1994-06-10 - Regulatory Arbitrage

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From: hughes@ah.com (Eric Hughes)
To: cypherpunks@toad.com
Message Hash: 06ee8010c0af8996e4b07e1f2a118084fff8604aa03c9c27ef6c0fa9d66f2aeb
Message ID: <9406101521.AA20520@ah.com>
Reply To: <199406092217.SAA29718@zork.tiac.net>
UTC Datetime: 1994-06-10 15:10:34 UTC
Raw Date: Fri, 10 Jun 94 08:10:34 PDT

Raw message

From: hughes@ah.com (Eric Hughes)
Date: Fri, 10 Jun 94 08:10:34 PDT
To: cypherpunks@toad.com
Subject: Regulatory Arbitrage
In-Reply-To: <199406092217.SAA29718@zork.tiac.net>
Message-ID: <9406101521.AA20520@ah.com>
MIME-Version: 1.0
Content-Type: text/plain

   Eurodollars were invented
   to get around American tax and currency regulations, and those of other

Eurocurrency and eurobond markets started about thirty years ago, as
the Bretton Woods monetary agreement was breaking down, which
officially happened in 1973.  So for a good clear twenty years there's
been this mediated market which uses regulatory arbitrage to provide
it's services.  It's been there _longer_than_modern_cryptography_.

One of the reasons eurodollars got created was that at that time a
London bank could offer higher interest rates on dollars than an
American bank could.  They offered better service than the
competition.  They could do so, in part, because neither the USA nor
UK governments put reserve requirements on dollar deposits held in
England banks.

There are real strong lessons here about how a private retail money
system will have to operate long term in order to be immune from local
government interference.

Suppose Bank of the X open a deposit account with, say, Barclay's, a
UK bank.  Barclay's can hold dollars at an account at, say, Citibank
in NY.  Citibank holds it's dollars at the Federal Reserve Bank, where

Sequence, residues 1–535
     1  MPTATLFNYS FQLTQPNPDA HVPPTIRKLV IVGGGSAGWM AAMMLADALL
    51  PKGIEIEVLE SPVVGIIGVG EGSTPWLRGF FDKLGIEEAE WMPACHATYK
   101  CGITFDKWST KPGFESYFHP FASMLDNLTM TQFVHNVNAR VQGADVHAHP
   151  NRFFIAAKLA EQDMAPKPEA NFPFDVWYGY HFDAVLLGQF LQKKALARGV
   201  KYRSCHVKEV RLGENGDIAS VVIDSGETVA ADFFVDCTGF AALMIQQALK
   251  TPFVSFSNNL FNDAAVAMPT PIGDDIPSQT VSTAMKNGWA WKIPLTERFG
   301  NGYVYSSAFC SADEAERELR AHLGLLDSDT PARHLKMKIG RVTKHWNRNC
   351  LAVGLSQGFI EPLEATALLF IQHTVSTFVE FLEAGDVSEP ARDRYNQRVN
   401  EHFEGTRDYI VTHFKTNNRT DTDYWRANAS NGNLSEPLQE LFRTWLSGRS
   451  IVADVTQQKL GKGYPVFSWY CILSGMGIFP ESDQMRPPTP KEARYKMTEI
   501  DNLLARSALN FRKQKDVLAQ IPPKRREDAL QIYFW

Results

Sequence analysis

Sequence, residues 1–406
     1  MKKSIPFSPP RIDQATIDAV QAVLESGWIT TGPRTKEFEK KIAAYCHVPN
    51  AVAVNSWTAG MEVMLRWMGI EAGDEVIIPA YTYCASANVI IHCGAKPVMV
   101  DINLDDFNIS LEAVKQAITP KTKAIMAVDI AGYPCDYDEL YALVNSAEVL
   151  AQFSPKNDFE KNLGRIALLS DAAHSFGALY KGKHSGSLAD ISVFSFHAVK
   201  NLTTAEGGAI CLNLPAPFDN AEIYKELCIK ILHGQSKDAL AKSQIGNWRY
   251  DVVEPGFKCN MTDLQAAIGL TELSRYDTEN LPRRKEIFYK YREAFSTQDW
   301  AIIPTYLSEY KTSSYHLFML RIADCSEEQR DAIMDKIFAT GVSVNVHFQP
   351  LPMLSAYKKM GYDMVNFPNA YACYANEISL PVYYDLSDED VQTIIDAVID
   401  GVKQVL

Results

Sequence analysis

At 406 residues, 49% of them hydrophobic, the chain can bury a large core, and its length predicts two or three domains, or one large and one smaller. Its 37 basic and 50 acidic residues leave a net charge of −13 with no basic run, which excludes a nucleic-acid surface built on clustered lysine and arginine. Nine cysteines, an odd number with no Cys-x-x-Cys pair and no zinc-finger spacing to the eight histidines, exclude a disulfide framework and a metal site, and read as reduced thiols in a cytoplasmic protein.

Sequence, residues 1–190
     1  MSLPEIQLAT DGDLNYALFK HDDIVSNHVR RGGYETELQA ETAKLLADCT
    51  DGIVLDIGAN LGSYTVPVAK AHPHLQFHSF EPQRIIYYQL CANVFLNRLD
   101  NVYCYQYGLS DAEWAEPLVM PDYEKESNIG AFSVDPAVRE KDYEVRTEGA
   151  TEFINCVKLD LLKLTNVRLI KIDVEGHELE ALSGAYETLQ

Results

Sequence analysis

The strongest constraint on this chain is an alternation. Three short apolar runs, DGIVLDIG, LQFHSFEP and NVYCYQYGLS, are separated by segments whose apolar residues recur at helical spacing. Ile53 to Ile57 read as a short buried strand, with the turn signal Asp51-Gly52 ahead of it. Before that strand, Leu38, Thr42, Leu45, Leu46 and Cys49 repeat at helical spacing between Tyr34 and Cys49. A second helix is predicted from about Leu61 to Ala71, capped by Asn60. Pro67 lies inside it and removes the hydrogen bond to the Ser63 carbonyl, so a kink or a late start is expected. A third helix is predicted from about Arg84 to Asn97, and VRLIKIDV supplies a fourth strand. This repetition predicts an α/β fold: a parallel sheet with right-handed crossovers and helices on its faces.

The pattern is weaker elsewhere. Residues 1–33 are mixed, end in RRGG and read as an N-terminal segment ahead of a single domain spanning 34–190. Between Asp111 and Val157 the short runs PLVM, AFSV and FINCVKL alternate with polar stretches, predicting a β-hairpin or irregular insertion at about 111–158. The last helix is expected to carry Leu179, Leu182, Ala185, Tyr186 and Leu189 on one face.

the buck stops (ahem).  The dollar account at Barclay's is a
eurodollar deposit, a deposit denominated in the currency of the USA
but not held in a bank under the regulation of the USA.  This is a
totally standard arrangement.

Now, suppose I tell you that part of that Barclay's deposit is yours,
after, of course, you give me some US dollars in the same amount.
Suppose, further, that the USA gov't decides they disapprove of you,
and want to take your money.  If they order Citibank to freeze the
Barclay's account, they risk international trade retaliation, because
only a small fraction of that money in Citibank is relevant.  And even
this presumes they know that Citibank is the USA depository bank--and
it likely won't even be the only one.

They might ask Barclay's, "pretty please, would you help us with this
bad person?"  And Barclay's will say (should say, if they still want
X's business) "I'm sorry, you'll have to go talk to X."

And X will say "Who's that?  I don't know who any of my customers

The same internationalization that will limit government action with
repsect to remailers _already_ happens with eurodollars.  I'd suggest
that those who want to know more about this hit the library at this

Did I mention that most eurobond issues are still bearer bonds?